We don't know very much about the US Air Force's X-37B, and its sudden appearance has surprised many space watchers. It is certainly unusual for a spacecraft that is supposed to be on a "technology development mission" to materialise in an orbit that is normally reserved for spy satellites. And while the amateur space watchers who spotted it did so with relative ease, the layman could be forgiven for wandering exactly what else might be up there that we don't know about.
Whatever other celestial secrets are out there, they are well-hidden among a remarkable array of other orbiting craft, governmental and commercial alike. And just over fifty years since the first artificial satellite was launched, our world has come to rely on them. Gone is the excitement that heralded the launch of Telstar, the first direct relay communications satellite, in 1962.
Today we take space communications for granted. We have satellite TV and acknowledge its provenance in its name, but we are usually unaware if our telephone, text messages, email or internet connections use satellite links.
The way space has been woven into everyday life is remarkable. In peace or war, space is the commanding high ground.
Not so long ago detailed images of the earth's surface taken by satellites were among the best kept secrets in the world. The United States in particular developed a series of classified spy satellites. Hollywood suggests they could read newspaper headlines from orbit. That is an exaggeration, but only just: they could certainly see if you were reading a tabloid or a broadsheet.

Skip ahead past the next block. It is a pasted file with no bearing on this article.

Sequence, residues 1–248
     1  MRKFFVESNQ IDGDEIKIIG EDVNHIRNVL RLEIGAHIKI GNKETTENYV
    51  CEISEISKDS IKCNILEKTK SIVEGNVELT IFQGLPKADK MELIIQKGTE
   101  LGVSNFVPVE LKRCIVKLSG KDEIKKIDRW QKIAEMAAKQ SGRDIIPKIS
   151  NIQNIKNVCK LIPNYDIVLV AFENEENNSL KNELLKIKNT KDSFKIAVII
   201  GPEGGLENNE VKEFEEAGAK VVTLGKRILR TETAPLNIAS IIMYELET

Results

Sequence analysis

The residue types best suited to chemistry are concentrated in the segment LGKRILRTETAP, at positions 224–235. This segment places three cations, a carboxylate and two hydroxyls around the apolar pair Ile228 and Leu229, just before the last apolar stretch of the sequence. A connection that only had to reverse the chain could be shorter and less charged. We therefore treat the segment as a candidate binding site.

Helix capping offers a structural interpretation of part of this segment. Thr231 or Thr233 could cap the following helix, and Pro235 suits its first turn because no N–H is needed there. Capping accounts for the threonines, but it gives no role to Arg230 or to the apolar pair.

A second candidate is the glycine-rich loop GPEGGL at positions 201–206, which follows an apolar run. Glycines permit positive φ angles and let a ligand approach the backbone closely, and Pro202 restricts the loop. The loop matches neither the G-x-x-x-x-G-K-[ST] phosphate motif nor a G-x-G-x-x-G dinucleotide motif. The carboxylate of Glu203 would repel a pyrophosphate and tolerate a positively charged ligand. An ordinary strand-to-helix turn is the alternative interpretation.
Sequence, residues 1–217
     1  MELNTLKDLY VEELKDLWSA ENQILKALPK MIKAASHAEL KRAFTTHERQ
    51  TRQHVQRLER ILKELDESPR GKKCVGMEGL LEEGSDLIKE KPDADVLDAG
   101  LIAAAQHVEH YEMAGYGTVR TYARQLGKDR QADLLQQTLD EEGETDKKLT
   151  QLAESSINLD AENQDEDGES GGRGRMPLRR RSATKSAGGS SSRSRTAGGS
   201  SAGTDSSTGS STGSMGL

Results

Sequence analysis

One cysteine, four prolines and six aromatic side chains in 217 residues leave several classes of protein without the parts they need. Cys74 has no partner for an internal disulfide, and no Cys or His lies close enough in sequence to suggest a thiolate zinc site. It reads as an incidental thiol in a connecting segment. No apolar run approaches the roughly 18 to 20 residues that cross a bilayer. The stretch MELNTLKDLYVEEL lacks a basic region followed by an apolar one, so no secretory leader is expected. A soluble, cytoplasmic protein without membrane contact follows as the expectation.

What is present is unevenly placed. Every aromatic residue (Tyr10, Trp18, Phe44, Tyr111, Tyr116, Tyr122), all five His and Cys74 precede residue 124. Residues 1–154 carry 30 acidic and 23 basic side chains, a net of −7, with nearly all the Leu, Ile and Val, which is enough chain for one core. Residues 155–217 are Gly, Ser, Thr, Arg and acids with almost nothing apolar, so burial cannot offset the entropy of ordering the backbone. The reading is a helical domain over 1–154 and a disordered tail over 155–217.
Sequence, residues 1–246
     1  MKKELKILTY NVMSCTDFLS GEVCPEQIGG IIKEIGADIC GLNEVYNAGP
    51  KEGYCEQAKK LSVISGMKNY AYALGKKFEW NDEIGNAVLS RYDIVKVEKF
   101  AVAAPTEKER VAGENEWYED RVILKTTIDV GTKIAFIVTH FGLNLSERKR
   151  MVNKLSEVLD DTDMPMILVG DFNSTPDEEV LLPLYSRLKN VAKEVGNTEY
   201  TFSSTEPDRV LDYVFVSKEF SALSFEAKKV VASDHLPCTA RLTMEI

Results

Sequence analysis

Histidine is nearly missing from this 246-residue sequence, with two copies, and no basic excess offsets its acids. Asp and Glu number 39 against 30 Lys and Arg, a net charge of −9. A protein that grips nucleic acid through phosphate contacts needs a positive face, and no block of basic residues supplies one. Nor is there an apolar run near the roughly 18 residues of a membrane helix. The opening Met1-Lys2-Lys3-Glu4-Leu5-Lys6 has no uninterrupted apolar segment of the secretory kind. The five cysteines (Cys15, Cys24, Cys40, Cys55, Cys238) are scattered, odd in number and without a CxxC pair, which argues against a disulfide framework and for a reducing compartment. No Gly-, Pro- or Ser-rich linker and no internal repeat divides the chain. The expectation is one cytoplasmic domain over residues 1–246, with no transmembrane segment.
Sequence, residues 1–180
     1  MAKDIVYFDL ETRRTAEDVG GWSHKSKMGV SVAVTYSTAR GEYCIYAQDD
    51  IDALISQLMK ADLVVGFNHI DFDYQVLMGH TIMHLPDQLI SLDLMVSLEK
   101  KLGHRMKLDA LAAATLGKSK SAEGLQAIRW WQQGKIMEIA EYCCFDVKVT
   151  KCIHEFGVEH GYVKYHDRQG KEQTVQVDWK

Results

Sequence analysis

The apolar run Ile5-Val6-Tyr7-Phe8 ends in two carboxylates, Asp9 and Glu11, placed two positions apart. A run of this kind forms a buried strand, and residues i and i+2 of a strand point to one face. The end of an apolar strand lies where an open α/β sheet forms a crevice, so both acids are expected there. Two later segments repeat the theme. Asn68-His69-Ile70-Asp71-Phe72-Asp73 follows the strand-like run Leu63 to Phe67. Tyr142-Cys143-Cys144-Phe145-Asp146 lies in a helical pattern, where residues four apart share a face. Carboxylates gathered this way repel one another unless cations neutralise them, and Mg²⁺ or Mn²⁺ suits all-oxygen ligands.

Every minute of every day pictures of sensitive areas were beamed to an anonymous building 30 miles west of Washington, DC for analysis at the US National Reconnaissance Office, top secret until 1994. Radio-listening spysats sift the electromagnetic spectrum when overflying enemy territory, and send signals to computers that extract military and civilian conversations and data transfers.
These days the military has competition. Although not as detailed as secret spy satellites, some commercial organisations have built craft that take remarkable images from space for clients that range from land use managers to building regulators. Some of the images have found their way on to Google Earth. Your house is almost certainly there.
Satellites have revolutionised science, too. We can monitor the ocean surface to a few millimetres. A pair of satellites can detect the minute change in a giant ice sheet's pull of gravity as it flexes and changes shape. And lest anyone think the skies are too full for any further extraordinary additions, consider the satellite that Japan launched last week – one of the strangest yet. Ikaros will pass by Venus in a few months and then voyage to the far side of the sun.
Along the way it will unfurl a series of ultra-thin metallic sails that will billow slightly as sunlight strikes them with a tiny but unremitting pressure. Scientists hope that this effect will one day provide a small probe with enough of a boost to leave our solar system altogether and head for the nearest star.
By then, the X-37B will be long out of service. But there seems little doubt that equally remarkable satellites will be following in its footsteps.
Dr David Whitehouse is a space scientist and author whose latest book is: One Small Step: The Inside Story of Space ExplorationReuse content